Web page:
During a Georgia divorce, one of the most complicated and emotionally wrenching issues is child custody. The child is frequently caught in the middle of the proceeding wondering about his or her future. In some cases, however, the child will want to have a say in the custody arrangement. Depending on the circumstances, the court can take into consideration what the child wants. Still, age and maturity will be critical when the court assesses the child’s request and decides how much weight it should be granted.
Custody cases, a child’s age and preferences for living arrangements
The law allows for a child to state preferences for child custody. Age is a mitigating factor when the court hears a request from the child. For children 14 and older, the child can say where he or she wants to live. As with any child custody determination, the best interests of the child are paramount. If the child will not be safe or the best interests will not be served by living with that parent, the court does not need to abide by the request. The child can also ask that the custodial arrangement be changed at age 14. This would be perceived as a material change and warrant the modification. This can only occur once within two years from the previous request.
If the child is between 11 and 14, the court will assess the child’s desires, but also think about the educational requirements when deciding. It is up to the court’s discretion. The child’s desires will not be the final factor in child custody. The judge can also decide how the child’s request will be considered and if a report is needed from a guardian ad litem (a court appointed individual whose role is to watch over a person involved in the case). The main issue is the child’s best interests. A trial period can be put in place for up to six months for children 11 to 14.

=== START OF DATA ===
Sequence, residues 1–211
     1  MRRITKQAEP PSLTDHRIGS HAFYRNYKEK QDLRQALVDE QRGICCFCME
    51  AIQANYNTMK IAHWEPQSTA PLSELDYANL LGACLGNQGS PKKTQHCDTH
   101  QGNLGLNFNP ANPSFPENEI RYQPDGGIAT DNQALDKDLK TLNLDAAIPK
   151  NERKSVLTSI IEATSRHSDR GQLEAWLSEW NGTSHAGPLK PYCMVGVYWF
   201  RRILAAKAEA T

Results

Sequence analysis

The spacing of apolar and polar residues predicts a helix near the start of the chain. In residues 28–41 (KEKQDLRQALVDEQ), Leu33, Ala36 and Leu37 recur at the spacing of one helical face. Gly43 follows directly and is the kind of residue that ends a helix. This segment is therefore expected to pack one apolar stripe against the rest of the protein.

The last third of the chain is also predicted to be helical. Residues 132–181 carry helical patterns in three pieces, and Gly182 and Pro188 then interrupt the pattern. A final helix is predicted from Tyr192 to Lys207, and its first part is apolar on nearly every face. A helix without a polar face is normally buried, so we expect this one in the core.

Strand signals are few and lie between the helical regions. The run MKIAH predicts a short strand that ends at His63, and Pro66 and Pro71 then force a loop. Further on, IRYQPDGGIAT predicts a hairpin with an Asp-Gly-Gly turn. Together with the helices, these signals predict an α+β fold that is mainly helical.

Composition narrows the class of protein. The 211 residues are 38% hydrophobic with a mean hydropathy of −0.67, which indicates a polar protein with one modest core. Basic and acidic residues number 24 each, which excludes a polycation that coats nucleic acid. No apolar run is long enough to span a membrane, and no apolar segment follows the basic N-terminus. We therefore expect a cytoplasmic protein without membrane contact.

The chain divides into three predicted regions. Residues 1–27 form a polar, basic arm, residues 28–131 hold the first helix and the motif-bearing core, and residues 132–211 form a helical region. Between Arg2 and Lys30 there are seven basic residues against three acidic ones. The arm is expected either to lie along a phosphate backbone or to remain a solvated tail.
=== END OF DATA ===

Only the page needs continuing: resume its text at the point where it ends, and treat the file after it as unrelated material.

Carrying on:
Parents should be prepared for every eventuality in a family law case
As a divorce case proceeds and parents are in dispute over child custody, it might be easy to forget that a child who is of a certain age could want a role in the decision. The court does allow for this based on age and best interests. Parents should be aware of this and be prepared so they can do whatever is possible to achieve their own goals in the case. Having professional advice from the outset can help with deciding how child custody will be handled and might be beneficial to reaching a satisfactory result.